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Case: In case of an adult, the average adult sleep time required is 7.5 to 8 hours. Suppose the person (aged between 23-29) has slept only 6 hours, or less than the average time (7.5 to 8 hours).

  1. Does sleep deprivation lasting for a day cause mood swings in that particular day?
  2. Do we loose grasping abilities due to sleep deprivation?
  3. Does sleep deprivation affect our reasoning abilities?
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Does sleep deprivation cause mood swings?

Few studies have focused on mood changes in healthy subjects following sleep deprivation. It seems that there is evidence for sleep deprivation causing mood changes on the subsequent day, but there is no evidence for or against it causing mood swings.

Hart et al. (1987) found significantly higher self-reported hostility for sleep-deprived medical residents compared with controls, but did not report an effect size. A later study compared college students' self-reported moods between "morning/evening person" and total/partial sleep deprivation, and reported general support for mood changes in morning persons, but not in evening persons (Selvi, Gulec, Agargun and Besiroglu, 2007).

Does sleep deprivation impair grasping?

A reasonable search of Google Scholar, Web of Science and Scopus did not reveal any research on the association between sleep deprivation and grasping behaviors as such. One study of surgical residents reported that sleep-deprived residents made more errors and took more time to complete a surgical simulation, the "Minimally Invasive Surgery Trainer VR", mostly involving grasping behavior (Eastridge et al., 2003).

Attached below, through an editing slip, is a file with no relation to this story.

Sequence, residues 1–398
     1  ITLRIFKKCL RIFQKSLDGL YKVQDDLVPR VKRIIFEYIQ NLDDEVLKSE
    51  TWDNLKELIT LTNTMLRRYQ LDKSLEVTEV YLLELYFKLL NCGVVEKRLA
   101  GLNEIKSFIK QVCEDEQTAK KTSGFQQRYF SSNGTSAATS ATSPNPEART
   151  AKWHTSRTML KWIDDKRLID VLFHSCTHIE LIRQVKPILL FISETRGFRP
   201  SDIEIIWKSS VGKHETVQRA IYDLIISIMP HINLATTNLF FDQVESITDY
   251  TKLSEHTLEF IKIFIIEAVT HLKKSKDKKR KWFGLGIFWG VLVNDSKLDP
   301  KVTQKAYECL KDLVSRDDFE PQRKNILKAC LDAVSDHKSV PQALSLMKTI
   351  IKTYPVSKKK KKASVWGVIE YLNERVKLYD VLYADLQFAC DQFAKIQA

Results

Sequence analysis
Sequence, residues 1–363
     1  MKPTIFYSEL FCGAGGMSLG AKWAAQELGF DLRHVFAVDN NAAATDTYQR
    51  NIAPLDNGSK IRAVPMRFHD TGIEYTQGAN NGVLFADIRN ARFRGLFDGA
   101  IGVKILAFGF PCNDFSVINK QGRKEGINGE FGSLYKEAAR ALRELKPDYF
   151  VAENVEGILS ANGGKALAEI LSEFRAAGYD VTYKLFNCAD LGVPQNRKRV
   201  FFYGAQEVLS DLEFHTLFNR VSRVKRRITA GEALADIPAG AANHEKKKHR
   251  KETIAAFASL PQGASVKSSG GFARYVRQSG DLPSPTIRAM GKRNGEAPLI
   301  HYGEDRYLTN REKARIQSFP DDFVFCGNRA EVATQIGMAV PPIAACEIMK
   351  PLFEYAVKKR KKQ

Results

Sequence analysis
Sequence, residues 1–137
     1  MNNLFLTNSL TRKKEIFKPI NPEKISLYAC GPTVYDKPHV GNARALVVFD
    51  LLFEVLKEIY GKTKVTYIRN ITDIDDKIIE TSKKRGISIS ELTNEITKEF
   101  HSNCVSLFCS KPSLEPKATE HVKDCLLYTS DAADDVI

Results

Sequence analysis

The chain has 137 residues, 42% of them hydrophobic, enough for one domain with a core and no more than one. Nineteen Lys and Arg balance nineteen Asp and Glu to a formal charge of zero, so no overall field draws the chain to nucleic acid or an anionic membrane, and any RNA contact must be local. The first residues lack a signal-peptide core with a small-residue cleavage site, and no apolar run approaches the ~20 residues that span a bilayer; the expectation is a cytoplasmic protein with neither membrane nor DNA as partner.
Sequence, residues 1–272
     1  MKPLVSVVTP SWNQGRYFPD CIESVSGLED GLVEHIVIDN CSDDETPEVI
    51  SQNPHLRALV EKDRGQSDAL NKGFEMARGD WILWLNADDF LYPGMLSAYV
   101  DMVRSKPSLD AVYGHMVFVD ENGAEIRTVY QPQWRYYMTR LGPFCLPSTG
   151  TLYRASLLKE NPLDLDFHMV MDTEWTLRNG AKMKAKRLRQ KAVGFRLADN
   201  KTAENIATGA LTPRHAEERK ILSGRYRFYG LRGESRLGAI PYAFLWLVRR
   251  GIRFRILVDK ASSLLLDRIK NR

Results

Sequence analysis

Does sleep deprivation affect reasoning?

Reasoning is by far the most well-studied domain with respect to sleep deprivation. Sleep deprivation seems to have a substantial negative effect on many aspects of reasoning. Pilcher and Walters (1997) reported that sleep-deprived college students not only performed worse on Watson-Glaser Critical Thinking Appraisal, but also rated their concentration and effort as higher than controls following total sleep deprivation. Herscovitch, Stuss and Broughton (1980) found that partial sleep deprivation was associated with decreased strategic flexibility on the Wisconsin Card Sorting Task. Hart et al. (1997) reported that partially sleep-deprived medical residents retained less information and exhibited slower responses on a set of cognitive tasks.

References

  • Eastridge, B. J., Hamilton, E. C., O’Keefe, G. E., Rege, R. V., Valentine, R. J., Jones, D. J., ... & Thal, E. R. (2003). Effect of sleep deprivation on the performance of simulated laparoscopic surgical skill. The American Journal of Surgery, 186(2), 169-174.
  • Hart, R. P., Buchsbaum, D. G., Wade, J. B., Hamer, R. M., & Kwentus, J. A. (1987). Effect of sleep deprivation on first-year residents' response times, memory, and mood. Academic Medicine, 62(11), 940-2.
  • Herscovitch, J., Stuss, D., & Broughton, R. (1980). Changes in cognitive processing following short-term cumulative partial sleep deprivation and recovery oversleeping. Journal of clinical and experimental neuropsychology, 2(4), 301-319.
  • Pilcher, J. J., & Walters, A. S. (1997). How sleep deprivation affects psychological variables related to college students' cognitive performance. Journal of American College Health, 46(3), 121-126.
  • Selvi, Y., Gulec, M., Agargun, M. Y., & Besiroglu, L. (2007). Mood changes after sleep deprivation in morningness–eveningness chronotypes in healthy individuals. Journal of sleep research, 16(3), 241-244.
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